- Ten exciting new startups supported through the 2016 Melbourne Accelerator Program
The University of Melbourne's Startup Accelerator, the Melbourne Accelerator Program (MAP) has seen record numbers of entries and the largest ever intake into the prestigious startup program.
- Friday 5:00pmEngineering & IT Future Researchers Symposium
- Stopping the stampede: Planning for urban emergencies
Engineers are using mice, ants and virtual reality to study crowd behaviour so infrastructure can cope with attacks and other disasters.
- Melbourne chemical engineering students claim Pratt Prize victory
A team of students from the Department of Chemical and Biomolecular Engineering has taken out the 2016 Pratt Prize for the best Chemical Engineering Design Project in Victoria.
- Melbourne welcomes leading Japanese scientists in advanced materials
Leading national and international researchers in the field of advanced materials research are meeting for the Advanced Materials: Scientific & Engineering Challenges Conference, being held at the ...
- How renewable energy empowers women in remote communities
Access to electricity is driving changes to social and gender equity, says Dr Reihana Mohideen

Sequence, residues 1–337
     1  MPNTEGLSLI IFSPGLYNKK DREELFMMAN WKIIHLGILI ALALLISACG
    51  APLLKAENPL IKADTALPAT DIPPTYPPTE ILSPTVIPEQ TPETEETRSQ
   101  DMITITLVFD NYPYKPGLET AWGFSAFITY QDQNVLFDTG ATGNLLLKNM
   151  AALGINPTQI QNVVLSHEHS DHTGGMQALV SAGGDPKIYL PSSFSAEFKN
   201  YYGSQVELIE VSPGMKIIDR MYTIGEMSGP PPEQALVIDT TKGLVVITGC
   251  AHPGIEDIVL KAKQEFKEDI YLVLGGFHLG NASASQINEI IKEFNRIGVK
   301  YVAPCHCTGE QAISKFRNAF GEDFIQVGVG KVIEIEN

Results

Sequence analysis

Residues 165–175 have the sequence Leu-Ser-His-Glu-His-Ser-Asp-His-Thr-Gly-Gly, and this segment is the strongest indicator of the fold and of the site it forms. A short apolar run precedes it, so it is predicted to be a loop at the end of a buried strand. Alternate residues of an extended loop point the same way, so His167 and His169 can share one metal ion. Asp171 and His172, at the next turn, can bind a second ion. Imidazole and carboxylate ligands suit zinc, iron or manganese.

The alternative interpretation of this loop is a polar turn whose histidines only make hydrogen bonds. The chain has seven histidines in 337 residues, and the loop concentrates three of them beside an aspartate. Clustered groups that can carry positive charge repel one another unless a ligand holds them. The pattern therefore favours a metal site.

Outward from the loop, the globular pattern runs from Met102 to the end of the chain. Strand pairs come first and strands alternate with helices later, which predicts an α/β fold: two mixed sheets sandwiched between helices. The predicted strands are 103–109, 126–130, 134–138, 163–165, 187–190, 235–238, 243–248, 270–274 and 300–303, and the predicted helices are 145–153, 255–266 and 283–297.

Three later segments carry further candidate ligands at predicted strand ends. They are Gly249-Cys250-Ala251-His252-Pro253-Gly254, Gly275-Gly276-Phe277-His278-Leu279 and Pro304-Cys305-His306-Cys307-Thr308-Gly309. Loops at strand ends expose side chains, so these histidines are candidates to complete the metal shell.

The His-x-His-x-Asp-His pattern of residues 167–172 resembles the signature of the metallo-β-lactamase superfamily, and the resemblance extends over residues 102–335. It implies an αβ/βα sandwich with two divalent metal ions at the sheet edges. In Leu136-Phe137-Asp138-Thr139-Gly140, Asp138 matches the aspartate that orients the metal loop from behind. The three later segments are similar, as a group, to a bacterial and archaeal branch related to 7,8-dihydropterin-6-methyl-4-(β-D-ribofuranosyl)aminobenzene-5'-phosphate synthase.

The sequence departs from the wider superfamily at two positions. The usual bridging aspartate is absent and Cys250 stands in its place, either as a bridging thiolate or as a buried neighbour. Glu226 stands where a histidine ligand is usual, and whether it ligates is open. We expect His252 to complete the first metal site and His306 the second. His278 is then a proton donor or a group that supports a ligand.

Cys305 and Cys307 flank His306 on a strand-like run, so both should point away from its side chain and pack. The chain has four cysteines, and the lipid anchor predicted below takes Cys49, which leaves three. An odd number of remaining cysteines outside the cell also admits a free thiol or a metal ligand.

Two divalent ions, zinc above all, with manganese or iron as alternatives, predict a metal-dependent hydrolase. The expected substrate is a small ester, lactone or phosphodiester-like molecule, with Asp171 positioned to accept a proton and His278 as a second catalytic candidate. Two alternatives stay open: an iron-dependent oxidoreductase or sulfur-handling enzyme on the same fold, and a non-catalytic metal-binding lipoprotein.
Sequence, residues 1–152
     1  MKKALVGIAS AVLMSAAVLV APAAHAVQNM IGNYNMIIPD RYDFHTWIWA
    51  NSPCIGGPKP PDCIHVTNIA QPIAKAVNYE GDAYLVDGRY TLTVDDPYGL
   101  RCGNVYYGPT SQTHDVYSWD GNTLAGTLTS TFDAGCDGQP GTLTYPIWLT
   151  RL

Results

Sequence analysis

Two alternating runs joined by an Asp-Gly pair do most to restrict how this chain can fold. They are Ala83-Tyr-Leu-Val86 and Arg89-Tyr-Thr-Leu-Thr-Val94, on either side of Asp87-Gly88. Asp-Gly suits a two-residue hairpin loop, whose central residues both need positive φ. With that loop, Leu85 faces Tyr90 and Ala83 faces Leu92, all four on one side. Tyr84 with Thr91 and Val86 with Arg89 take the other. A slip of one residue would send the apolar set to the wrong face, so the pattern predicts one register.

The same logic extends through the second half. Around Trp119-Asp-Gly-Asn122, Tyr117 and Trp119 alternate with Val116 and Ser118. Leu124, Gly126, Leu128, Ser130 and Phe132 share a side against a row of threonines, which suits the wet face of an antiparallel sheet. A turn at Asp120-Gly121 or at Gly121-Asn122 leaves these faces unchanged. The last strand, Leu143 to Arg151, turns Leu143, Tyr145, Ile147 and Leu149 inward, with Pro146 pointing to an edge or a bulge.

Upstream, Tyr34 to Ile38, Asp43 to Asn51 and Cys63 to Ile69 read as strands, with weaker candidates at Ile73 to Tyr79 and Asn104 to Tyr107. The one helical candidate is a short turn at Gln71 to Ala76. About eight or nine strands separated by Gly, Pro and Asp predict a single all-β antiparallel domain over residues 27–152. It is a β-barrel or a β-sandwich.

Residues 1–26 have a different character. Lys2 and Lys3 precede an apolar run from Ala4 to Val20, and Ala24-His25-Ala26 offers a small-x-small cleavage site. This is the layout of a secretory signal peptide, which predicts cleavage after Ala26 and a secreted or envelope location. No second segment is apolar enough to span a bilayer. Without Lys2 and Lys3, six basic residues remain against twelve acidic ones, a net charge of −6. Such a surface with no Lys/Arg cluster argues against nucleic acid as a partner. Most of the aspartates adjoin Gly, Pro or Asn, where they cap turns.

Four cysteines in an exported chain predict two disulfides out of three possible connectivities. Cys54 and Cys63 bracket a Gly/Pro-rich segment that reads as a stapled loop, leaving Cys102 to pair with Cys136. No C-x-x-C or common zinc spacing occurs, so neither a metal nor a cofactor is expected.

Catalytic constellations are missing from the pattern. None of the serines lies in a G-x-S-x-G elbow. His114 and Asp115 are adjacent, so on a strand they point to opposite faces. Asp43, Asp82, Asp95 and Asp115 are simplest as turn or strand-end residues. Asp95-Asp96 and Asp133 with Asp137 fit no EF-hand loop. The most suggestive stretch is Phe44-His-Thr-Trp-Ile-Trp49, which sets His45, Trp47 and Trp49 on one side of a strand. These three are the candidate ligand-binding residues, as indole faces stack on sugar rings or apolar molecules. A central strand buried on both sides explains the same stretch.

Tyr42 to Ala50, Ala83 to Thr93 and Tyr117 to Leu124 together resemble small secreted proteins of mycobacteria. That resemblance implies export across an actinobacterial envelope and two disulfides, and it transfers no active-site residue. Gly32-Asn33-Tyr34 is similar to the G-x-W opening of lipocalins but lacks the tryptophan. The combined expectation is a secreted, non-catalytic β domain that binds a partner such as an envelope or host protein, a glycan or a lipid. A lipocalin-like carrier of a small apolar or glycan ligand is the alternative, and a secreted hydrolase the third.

- Keeping Antarctica clean
Chemical engineers are using trenches and micro-organisms to help clean the frozen continent.
- Gaming more than a Space Oddity
A ruthless online space game is stretching the boundaries of fun, telling us about ourselves and the wider potential of gaming.
- Using computers to cure disease
Associate Professor and computational linguist Karin Verspoor says fusing computing and linguistics could spell a cure for disease.
Engineers and IT professionals use creativity, analytical skills and scientific understanding to make a better world.
Our graduate programs offer depth, breadth and flexibility to a world-class curriculum that is informed by real world, problem-based learning, industry experience and a generous program of scholarships for both local and international students.